This article is for you if:
- If you want to use metallic gold or silver in your logo
- You want to understand how metallic colours look in various formats
- You want to understand the challenges you may face
- You want to check the cost implication printing gold can have
If you want to use Gold or Silver in your logo, you clearly have great taste. Many luxury, deep, mysterious and high-end brands use gold and silver in their branding. However, to prevent you from having a journey of surprise – we wanted to help educate you about everything you need to consider when selecting a metallic colour.
What is Gold and Silver?
Gold and silver are both metallic elements that are used for jewellery and as a store of value. Gold is a dense, soft, shiny, and malleable metal that is yellow in colour. Silver is a dense, soft, shiny, and malleable metal that is white in colour.
Gold and silver have long been associated with wealth, beauty, luxury, and prestige. The colour gold has been prized for its beauty and radiance, and has been used in art, jewellery, and other decorative items throughout history. In many ancient cultures, gold was considered to be a symbol of wealth and power, and was associated with the gods.
Similarly, silver has been cherished for its beauty and has been used to make various art, jewellery and other decorative items, It is also associated with the moon and the night sky, and is thought to have a calming and soothing effect.
What makes Gold and Silver different to standard colours on a screen and in printing?
Gold and silver are metallic colours, which means they have a reflective quality that makes them appear shiny and bright. This creates a more complex and nuanced colour than other colours on the screen or in printing. Gold and silver in print are created using special pigments that help achieve the metallic effect. This is different from other colours, which are typically created using a simple combination of CMYK or RGB colours. Additionally, the way in which gold and silver are rendered on screen and in print can vary depending on the medium. For example, on a computer screen, gold and silver colours are typically created using a combination of red, green, and blue pixels, whereas in print, they are created using a combination of ink colours. This can affect the way in which the colours appear to the viewer.
Bottom line: Gold and silver on the screen will usually have to be a flat colour (which doesn’t look metallic) and more like this:
As opposed to this:
In the beneath examples, we refer to gold. The same applies to any other metallic colour, including Silver and Copper.
I have seen reflective Gold on screen before, can’t you make it work?
Below is an example of a stunning reflective gold mockup of a logo. The reason we cannot use this on a website is because we have had to place it at an angle to demonstrate the light reflection and how the gold signage could appear once built up by the sign maker. If this was a front-on flat view, you would not be able to achieve this effect as beautifully:
Gold as a mockup (unusable on a website)
3D Mockup Only
Instead, we can use a combination of brown and white to achieve a satisfactory effect:
Or you could do as Harrods has done and go for a flat colour that best represents gold:
Bottom line: Gold on the screen will never look like a real piece of gold jewellery.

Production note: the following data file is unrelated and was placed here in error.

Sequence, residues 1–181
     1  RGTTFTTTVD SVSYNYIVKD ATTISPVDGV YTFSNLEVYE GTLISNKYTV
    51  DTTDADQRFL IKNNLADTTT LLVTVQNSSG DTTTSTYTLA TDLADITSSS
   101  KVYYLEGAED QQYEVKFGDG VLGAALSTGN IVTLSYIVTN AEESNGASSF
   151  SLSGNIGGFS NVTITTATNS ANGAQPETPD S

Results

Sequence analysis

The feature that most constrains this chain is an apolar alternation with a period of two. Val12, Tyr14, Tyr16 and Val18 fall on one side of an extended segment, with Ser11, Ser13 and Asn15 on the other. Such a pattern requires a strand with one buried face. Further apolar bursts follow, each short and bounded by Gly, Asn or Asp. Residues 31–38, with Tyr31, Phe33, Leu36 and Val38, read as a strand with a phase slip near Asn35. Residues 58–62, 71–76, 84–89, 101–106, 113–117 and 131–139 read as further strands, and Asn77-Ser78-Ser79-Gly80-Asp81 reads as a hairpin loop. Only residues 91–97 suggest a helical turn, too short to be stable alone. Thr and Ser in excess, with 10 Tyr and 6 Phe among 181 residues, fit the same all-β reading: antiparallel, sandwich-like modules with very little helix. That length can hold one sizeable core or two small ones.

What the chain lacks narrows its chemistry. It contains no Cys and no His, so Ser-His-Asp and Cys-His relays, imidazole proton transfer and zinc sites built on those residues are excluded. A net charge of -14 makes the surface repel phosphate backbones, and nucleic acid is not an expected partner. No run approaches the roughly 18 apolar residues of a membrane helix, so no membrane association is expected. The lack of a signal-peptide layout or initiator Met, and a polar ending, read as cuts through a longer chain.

Type of golds
|Flat Gold||Gradient Gold||Foil Gold|
|Usage: Screen||Usage: Screen ||Usage: Print|
|Pro of Flat Gold: Works on screen (digital) and printing.||Pro of Gradient Gold: Works on screen (digital) and printing.||Pro of Foil Gold: Look’s stunning in print and is reflective|
|Con of Flat Gold: Doesn’t look metallic||Con of Flat Gold: Doesn’t look shiny||Con: Can only be used in printing (not on screen) and very expensive to use in print compared to a standard colour|
Costs for printing metallic Gold
You may have seen metallic gold on print, sometimes on invitations or expensive packaging. This is achieved by using a foil-blocking process in print. The gold foil printing process in a commercial press involves using a specialised printing plate that is made with a raised image or design. This plate is then coated with a heat-sensitive adhesive, which is then heated and pressed onto a sheet of gold leaf. The plate and gold leaf are then run through a printing press, where the plate applies the gold leaf to the desired areas of the printed material.
In some cases, the gold leaf is also coated with a thin layer of varnish or sealant to protect it from wear and tear, and to make it more durable.
The gold foil printing process in commercial press is typically used for printing on business cards, invitations, packaging, book covers, and other items that require a high-quality, luxurious finish. It is a specialised technique that requires a skilled operator and specialised equipment, and therefore it can be more expensive than traditional printing methods.
Printing price comparison example:
|Standard Printing (Full Colour)||Gold Foil Printing|
|500 Business Cards||£27.00||£145.00|
|500 A7 Appointment Cards||£45.00||£173.00|
|500 A5 Invitations||£74.00||£215.00|
How Dior uses Gold:
Dior uses Black as it’s base colour on its website and simple print materials.
Dior then moves to metallic colours in certain packaging and luxury item production.
This approach by Dior combines a sophisticated timeless colour (Black) with luxurious touches (Gold and Silver)
What do our clients usually do?
Our clients will usually stick to a flat gold or gradient gold as below for both website usage and printing. The additional spending on printing is usually not justified for most in a practice setting.
Fill in the enquiry form below, to find out more about our branding packages: